An Investigation of a Vertical Test Method for Large Deformation Bending of High Strain Composite Laminates
Herrmann, Kelsey M.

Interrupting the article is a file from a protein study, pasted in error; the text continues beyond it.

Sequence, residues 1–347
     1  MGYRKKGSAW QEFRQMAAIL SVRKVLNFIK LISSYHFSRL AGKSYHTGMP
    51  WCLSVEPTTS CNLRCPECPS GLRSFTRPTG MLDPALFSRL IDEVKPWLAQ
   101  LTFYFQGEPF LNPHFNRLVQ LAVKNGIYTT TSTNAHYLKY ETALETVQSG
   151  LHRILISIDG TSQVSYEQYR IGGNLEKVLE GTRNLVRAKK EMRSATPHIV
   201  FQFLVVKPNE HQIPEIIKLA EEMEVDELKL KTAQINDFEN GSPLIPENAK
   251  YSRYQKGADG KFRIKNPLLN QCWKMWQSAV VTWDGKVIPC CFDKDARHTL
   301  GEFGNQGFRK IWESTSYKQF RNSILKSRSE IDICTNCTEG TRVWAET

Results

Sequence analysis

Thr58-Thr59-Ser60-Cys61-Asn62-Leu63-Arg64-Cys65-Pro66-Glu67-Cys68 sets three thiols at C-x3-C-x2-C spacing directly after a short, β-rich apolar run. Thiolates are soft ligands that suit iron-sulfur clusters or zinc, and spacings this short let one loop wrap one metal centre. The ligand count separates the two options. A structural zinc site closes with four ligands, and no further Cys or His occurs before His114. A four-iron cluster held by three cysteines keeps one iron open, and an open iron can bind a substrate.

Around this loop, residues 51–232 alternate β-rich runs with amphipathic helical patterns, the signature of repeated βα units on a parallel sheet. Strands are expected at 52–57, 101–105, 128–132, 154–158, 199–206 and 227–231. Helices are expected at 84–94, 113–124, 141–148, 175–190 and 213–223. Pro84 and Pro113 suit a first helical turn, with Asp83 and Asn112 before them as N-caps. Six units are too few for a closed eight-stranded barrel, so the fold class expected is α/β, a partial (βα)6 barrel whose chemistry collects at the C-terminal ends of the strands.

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Research to date indicates that traditional composite material failure analysis methods are not appropriate for thin laminates in flexure. Thin composite structures subjected to large bending deformations often attain significantly higher strain-to-failure than previously anticipated tensile and compression coupon test data and linear material model assumption predict. At NASA Langley Research Center, a new bend test method is being developed for High Strain Composite (HSC) structures. This method provides an adequate approximation of a pure moment, large deformation bend test for thin-ply, high strain composites to analyze the large strain flexure response of the laminates. The objective of this research was to further develop this new test method to measure the true bending stiffness and strain-to-failure of high strain composite materials. Of primary importance is the ability to characterize composite laminates that are of interest for current NASA deployable structures in both materials and layups. Two separate testing campaigns were performed for the development of the testing procedure. Initially six laminates were bend tested in three different fiber orientations. These laminates were some combination of unidirectional intermediate modulus (IM) carbon, high tenacity (HT) carbon plain weave, and astroquartz plain weave composite materials. The second test campaign was performed as a more detailed look into the simplest composite laminates at thicknesses that better represented deployable boom structures. The second campaign tested three basic, thinner laminates, again in three different fiber orientations. All testing was monotonic loading to failure. The thickness of the laminates tested ranged from 0.166mm (campaign 2) to 0.45mm (campaign 1). The measured strains at failure for the unidirectional material were approximately 2.1% and 1.4% at the compression and tension sides, respectively, failing as fiber tensile fracture. Both of these values differ from what would be expected from considering much thicker coupons tested under pure compression and tension, that show a strain-to-failure of 1.0-1.1% and 1.6-1.7%, respectively. The significant differences in strain values obtained at the outer surfaces of the coupon is thought to be related to the shift in neutral axis that the specimen experiences during the large deformation bending test as a result of fiber material nonlinearities at higher strains. The vertical test nature of the CBT when compared to other test methods proves to be helpful for visually capturing with Digital Image Correlation the distinct behavior of the flexure on both the compressive and tensile sides. It was found that the thinner the laminate tested, the more confirmation of a nonlinear response of this classification of composites. The moment versus curvature curves were predominantly nonlinear resulting in a near linear bending stiffness versus curvature response. At these large strains, carbon fibers are highly nonlinear resulting in the laminate flexure modulus increasing by up to 5x. The theoretical bending stiffness values calculated using Classical Lamination Theory analysis are within small differences with respect to the experimentally measured values: errors of approximately 5-10% for both D11 and D22. The error between the finite element model computed strain response and the experimental values was on average around 22%, with 35% of the laminates and orientation having errors less than 7%. Comparison between CLT, FEA, and experimentation show that the Column Bend Test appears to be a promising candidate for characterization of large deformation bending behavior of thin-ply high strain composite laminates.